It is pretty well understood that getting enough sleep is important to our overall health, yet many of us push ourselves to the limit.
We are often too preoccupied with our hectic lives to get enough sleep. Many of us also tend to fail to recognize the importance of combining adequate sleep with a regular sleeping routine. Having a sleeping schedule that is all over the place can be detrimental to our overall physical and mental health.
What Controls Our Sleep Cycle?
Our lives and our sleep habits are naturally governed by circadian rhythms, which is the natural biological rhythm our bodies follow in a 24-hour cycle, letting our bodies know when it is time to sleep and when it is time to be awake. One thing that controls our circadian system is the suprachiasmatic nucleus (SCN), a tiny region of the brain located directly above our optic chiasma. We get environmental cues through our optic nerves that trigger our SCN. When our eyes begin to take in less light, the SCN triggers the release of melatonin, the sleep hormone. Our ancient ancestors would get this same trigger with the setting and rising of the sun, signaling to their bodies when to sleep and when to wake. The presence of the sun naturally helped to keep our ancestors on a natural circadian rhythm.
Light, Disruptions and Electronics
With the invention of artificial light and its increasing use, especially with the increasing use of artificial light from electronic devices, such as smartphones, our circadian rhythm is constantly being effected. This can have damaging effects to our mental and physical health.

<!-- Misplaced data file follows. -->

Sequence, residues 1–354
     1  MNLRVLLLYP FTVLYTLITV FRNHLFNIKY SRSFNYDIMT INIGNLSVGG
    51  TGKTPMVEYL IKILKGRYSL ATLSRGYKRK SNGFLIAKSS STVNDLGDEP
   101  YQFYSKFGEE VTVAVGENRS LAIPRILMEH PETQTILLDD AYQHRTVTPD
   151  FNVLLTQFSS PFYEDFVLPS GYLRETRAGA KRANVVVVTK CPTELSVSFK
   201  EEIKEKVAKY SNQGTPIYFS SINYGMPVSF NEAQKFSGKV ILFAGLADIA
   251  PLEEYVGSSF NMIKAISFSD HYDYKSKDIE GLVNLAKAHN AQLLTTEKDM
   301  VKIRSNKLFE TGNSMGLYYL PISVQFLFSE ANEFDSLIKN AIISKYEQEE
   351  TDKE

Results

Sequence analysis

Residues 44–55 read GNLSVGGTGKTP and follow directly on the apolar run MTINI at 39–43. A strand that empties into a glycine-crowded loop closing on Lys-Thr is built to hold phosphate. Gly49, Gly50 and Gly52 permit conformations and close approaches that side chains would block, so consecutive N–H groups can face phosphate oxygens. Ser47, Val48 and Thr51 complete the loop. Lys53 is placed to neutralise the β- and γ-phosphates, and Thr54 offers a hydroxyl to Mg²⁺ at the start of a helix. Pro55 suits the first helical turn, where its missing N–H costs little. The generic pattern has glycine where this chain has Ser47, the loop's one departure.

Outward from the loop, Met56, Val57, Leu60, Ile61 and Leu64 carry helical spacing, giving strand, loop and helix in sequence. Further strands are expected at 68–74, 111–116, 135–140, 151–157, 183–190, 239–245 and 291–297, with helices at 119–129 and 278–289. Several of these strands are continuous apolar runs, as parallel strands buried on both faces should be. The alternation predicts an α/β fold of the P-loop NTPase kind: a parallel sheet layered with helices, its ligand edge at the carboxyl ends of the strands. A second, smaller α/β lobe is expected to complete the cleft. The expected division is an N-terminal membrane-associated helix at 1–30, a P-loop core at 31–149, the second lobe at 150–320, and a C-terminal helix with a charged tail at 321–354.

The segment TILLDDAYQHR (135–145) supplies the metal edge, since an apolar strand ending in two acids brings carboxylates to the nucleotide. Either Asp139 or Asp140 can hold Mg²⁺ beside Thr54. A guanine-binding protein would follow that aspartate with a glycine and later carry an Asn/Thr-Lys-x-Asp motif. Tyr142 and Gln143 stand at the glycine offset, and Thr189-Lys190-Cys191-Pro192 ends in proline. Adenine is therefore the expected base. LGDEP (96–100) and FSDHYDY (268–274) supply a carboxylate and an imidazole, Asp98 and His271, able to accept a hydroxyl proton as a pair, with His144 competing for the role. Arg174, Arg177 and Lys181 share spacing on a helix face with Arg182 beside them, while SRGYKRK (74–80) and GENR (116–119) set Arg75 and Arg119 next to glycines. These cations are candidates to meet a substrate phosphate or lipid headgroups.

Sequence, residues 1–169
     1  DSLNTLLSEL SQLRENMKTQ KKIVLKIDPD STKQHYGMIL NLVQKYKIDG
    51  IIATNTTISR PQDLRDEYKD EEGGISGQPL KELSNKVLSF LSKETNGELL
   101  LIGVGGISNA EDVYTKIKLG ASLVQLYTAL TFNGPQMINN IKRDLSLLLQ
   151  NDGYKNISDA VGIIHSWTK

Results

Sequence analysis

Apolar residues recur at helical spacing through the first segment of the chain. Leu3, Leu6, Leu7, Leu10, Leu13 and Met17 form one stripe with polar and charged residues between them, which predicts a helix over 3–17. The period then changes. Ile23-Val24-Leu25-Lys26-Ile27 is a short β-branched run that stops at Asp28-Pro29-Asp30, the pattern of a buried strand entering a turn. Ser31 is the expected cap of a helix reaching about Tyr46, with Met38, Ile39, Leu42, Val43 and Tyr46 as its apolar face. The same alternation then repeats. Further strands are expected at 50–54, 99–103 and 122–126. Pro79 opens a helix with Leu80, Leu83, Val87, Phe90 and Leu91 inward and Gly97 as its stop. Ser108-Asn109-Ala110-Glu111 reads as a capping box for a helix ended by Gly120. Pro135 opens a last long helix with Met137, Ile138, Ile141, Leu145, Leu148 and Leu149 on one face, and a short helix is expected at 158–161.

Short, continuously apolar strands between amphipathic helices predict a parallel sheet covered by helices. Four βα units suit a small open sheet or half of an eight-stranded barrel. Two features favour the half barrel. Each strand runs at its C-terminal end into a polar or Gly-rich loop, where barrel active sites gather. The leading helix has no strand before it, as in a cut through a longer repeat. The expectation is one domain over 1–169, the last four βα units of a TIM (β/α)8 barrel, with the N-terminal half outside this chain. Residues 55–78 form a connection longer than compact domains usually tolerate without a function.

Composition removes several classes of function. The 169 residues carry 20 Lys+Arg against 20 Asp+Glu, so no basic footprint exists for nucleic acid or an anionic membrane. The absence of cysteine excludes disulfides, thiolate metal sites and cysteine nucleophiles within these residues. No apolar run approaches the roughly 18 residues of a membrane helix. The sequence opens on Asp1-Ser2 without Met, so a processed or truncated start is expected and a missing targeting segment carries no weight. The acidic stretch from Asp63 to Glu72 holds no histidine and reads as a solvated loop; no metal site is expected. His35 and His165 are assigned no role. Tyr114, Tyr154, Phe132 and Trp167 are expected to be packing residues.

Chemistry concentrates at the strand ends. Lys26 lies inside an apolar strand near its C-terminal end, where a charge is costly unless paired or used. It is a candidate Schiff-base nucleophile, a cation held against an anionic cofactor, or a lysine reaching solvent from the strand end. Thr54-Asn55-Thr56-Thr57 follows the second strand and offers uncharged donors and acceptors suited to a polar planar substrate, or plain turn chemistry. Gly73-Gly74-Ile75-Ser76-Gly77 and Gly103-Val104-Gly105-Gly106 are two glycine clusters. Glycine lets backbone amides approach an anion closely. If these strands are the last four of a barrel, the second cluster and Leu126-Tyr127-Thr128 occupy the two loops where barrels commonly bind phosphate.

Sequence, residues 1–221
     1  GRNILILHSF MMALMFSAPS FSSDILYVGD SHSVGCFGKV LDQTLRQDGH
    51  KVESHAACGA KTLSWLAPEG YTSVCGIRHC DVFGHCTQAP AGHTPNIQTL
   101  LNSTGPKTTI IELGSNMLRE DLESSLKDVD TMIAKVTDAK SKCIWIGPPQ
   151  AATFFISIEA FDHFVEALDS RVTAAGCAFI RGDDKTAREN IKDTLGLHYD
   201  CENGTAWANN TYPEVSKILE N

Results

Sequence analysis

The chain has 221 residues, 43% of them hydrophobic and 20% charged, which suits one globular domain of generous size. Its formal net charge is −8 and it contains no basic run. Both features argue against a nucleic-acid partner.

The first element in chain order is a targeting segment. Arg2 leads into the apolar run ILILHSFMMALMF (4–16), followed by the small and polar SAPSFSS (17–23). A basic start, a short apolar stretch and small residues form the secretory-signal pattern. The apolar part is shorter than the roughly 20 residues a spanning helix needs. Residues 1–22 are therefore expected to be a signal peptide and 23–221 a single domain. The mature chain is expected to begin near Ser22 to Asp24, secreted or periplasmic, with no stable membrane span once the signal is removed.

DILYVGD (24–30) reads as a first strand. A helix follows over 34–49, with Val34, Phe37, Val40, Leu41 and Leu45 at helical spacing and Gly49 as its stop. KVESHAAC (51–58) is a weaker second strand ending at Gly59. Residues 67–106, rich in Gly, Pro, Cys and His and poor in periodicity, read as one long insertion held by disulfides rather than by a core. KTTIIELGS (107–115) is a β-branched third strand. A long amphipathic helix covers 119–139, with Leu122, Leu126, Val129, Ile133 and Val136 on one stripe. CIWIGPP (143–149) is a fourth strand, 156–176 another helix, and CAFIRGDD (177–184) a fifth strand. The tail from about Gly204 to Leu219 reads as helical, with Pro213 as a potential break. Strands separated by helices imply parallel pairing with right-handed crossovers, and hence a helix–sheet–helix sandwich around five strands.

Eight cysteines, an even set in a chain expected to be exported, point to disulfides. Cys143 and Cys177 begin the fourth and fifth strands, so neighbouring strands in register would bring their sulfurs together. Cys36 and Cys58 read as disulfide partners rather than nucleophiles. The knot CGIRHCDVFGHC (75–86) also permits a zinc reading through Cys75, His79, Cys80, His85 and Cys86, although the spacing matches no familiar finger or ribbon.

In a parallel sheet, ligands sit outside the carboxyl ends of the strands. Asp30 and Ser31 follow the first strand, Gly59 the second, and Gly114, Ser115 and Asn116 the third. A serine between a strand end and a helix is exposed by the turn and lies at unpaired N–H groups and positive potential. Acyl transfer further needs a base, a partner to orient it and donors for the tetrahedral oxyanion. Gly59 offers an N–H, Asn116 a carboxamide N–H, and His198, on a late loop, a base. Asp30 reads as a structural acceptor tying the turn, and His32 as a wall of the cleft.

A study shows that the disruption of our circadian rhythm, which is often disrupted by late-night activities, shift work or frequent jet lag, has been linked to health issues such as metabolic disturbances, obesity, metabolic syndrome, other chronic conditions, diabetes and mental disorders.
Research suggests that disruption or alteration of the circadian rhythm, brought on by the lifestyles and lighting conditions of the modern world, can lead to a wide range of mood disorders, such as impulsivity, mania and depression, as well as the loss of internal temporal order and neurobiological and behavioral dysfunctions. This happens as a result of the altering of hormones, such as serotonin, noradrenalin and dopamine.
Sleep and Metabolic Regulations
Disruptions and alterations of our sleep cycles, especially when related to an internal biological clock, also alter our feeding times and the way our metabolism works. It has been noted that people who regularly get too little sleep or too much sleep are more at risk for type 2 diabetes, as well as developing a higher risk for a night-eating disorder. One reason was because an altered sleep/wake times increase the range of circulating leptin, the satiety hormone, with the lowest leptin levels occurring upon wakefulness. When we are low on leptin, it tells our body that we are need to eat to replenish our fat storage, as if we were going into starvation mode. This causes us to overeat.
Steps to Overall Health and Getting Enough Sleep
Understanding why sleep is important to our overall health is the first step in understanding how to live healthier. Sleep controls so many of our essential functions that ignoring it not only can make your health journey difficult but can put your long term health at risk. Committing to getting enough sleep each night, is the second important step. That means, realizing that choosing a workout over enough sleep hurts you more in the end than just rescheduling your workout. The same goes for overcommitting your day, and sacrificing sleep to “get a little extra done.” Putting sleep first puts your health first.